Perl: Win-32 vs. linux

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Is there any reason the following would work on a linux installation of
Perl, but not using ActivePerl-5.8 on a Win-32 system?  The tr///
operation successfully removes UTF-8 encoded   characters from the
string in linux, but not Win-32, even after verifying that all required
modules are installed.  Any thoughts would be greatly appreciated!


use LWP::Simple;
use Encode;

my $URL =
" ";

$content = get($URL);
$decoded = decode("utf-8"=>$content);
$decoded =~ tr/\x/ /;

print $decoded;

Re: Perl: Win-32 vs. linux

Maqo wrote:

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By best guess: decode maps to the internal encoding used by Perl, and I
guess on Windows this is Win-something, and on Linux ISO-something.

Why not remove the utf-8 encoded non-breakable spaces before the decoding

John                   Small Perl scripts:
               Perl programmer available:
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Re: Perl: Win-32 vs. linux

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two thoughts and a question:

1) does adding:

use utf8;

make any difference?

2) Print $decoded to a file before the tr// step to see if it has a string
  or U+00a0 or just a mess. This will help in finding where in the code
the problem is.


Where in the script is the   string in the original html being parsed
into a U+00a0 ? Does get() do this automatically? I can't see anything in
the documentation that mentions this, but I can't see why it would happen on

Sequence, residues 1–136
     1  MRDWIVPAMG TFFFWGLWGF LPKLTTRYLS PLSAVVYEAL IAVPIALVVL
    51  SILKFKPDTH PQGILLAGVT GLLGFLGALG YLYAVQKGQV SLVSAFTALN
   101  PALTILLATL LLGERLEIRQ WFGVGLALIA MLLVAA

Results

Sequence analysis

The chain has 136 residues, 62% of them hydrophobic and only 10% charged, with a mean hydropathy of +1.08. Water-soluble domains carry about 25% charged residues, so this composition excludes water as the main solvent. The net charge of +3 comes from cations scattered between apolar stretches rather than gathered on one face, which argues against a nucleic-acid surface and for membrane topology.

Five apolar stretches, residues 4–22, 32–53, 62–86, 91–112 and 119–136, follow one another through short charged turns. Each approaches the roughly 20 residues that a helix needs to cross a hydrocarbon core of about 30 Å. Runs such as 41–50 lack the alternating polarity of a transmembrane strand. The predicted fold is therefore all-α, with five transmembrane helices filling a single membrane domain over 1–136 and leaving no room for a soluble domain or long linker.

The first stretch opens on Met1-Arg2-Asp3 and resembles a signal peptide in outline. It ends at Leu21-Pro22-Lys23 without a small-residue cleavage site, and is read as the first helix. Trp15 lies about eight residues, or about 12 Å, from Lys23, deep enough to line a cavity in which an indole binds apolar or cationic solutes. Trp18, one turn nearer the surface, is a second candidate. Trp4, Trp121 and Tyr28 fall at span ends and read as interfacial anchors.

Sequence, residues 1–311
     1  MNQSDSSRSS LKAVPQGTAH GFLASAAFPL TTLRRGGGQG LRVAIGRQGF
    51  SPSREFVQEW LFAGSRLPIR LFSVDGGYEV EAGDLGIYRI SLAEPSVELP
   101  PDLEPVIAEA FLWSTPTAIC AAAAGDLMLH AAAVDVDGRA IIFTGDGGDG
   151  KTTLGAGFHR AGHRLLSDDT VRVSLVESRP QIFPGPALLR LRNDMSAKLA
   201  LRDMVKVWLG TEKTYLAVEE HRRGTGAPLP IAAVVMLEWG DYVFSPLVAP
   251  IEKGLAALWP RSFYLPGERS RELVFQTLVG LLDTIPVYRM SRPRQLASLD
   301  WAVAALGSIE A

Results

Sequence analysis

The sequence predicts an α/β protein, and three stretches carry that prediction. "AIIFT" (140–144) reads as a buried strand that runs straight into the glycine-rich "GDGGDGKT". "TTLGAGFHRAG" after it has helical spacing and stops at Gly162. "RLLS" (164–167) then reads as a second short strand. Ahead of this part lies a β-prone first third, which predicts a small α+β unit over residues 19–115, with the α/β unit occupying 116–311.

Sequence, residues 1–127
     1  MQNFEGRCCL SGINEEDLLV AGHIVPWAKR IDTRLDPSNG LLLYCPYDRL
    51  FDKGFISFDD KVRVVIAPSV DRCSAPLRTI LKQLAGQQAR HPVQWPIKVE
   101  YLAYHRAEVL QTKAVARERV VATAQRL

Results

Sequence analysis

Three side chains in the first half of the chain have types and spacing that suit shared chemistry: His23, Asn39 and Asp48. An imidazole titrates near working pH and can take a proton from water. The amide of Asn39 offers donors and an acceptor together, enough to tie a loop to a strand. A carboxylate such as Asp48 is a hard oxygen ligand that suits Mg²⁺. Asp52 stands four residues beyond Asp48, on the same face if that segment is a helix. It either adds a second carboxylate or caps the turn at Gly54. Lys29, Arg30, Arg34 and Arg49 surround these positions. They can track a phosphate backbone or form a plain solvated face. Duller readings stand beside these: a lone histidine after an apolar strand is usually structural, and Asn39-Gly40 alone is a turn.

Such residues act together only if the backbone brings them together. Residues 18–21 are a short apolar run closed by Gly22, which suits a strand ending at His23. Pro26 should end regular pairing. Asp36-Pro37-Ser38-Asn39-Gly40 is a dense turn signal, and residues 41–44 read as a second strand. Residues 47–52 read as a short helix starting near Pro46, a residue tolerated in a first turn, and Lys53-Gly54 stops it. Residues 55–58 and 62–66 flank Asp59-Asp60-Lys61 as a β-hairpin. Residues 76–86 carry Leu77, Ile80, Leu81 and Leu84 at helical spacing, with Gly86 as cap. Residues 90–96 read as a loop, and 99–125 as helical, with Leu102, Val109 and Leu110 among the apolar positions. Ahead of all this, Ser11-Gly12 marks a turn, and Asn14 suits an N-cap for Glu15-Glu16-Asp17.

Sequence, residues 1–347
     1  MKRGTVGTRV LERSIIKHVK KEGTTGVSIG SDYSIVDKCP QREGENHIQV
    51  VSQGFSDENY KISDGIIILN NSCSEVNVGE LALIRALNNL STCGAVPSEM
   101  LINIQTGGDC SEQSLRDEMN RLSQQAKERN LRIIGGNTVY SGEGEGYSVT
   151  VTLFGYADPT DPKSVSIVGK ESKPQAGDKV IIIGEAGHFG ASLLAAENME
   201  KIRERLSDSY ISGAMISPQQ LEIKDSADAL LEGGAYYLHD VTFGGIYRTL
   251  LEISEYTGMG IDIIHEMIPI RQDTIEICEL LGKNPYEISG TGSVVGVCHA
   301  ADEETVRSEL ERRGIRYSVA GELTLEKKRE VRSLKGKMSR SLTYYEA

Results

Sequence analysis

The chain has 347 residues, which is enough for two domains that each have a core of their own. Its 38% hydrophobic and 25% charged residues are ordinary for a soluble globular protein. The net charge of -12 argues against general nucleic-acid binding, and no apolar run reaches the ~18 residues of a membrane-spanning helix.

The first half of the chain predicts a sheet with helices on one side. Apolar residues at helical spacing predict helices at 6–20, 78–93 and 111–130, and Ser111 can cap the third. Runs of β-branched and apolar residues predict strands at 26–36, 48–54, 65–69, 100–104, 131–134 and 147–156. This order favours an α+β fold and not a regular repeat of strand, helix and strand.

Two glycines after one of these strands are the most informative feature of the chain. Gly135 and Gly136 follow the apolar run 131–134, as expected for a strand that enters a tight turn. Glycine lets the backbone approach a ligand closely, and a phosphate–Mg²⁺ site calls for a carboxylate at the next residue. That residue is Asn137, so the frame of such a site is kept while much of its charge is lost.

a Linux system and not on Windows.


Re: Perl: Win-32 vs. linux

On Thu, 2 Jun 2005, John Bokma wrote:

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I don't know why you think it's appropriate to "guess" this.  The Perl
documentation is pretty clear about how characters are stored
internally (perldoc perlunicode), and if there *was* a difference, one
would expect to find it in the appropriate platform-specific perl

The only thing that comes to mind is if the code calls Win32 *system*
functions, it may be necessary to run it with "wide system calls"
enabled.  But that doesn't appear to be happening here.

If this was my problem, I'd be inclined to prepare a small test
document which I /knew/ contained these actual characters (as opposed
to containing   character entity references, I mean), rather than
relying on some massive web document from elsewhere; and print out in
detail what's going on internally.  But that's only for diagnosis
purposes: Perl's unicode implementation works best when you just use
it, not mess around with internals.

(I really can't be bothered to wade through the whole mess of HTML and
javascript contained at the cited URL to get further with this,

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It worries me that the questioner writes:

| The tr/// operation successfully removes UTF-8 encoded  
| characters from the string in linux, but not Win-32

I see that the source contains quite a number of   character
entitity references.  So the question is, are we really talking about
no-break space *characters*, or are we talking about their character
entity references?

If we're really talking about *characters*, then note the "Caveat" in
the documentation for decode() in Encode:

 When you run $string = decode("utf8", $octets), then $string may not
 be equal to $octets. Though they both contain the same data, the utf8
 flag for $string is on unless $octets entirely consists of ASCII data
 (or EBCDIC on EBCDIC machines). See The UTF-8 flag below.

There's too much fiddling with internals going on here, IMHO.  Perl's
unicode implementation usually works best when you just use it.  The
web document in question is sent as utf-8 from its server, by the way.

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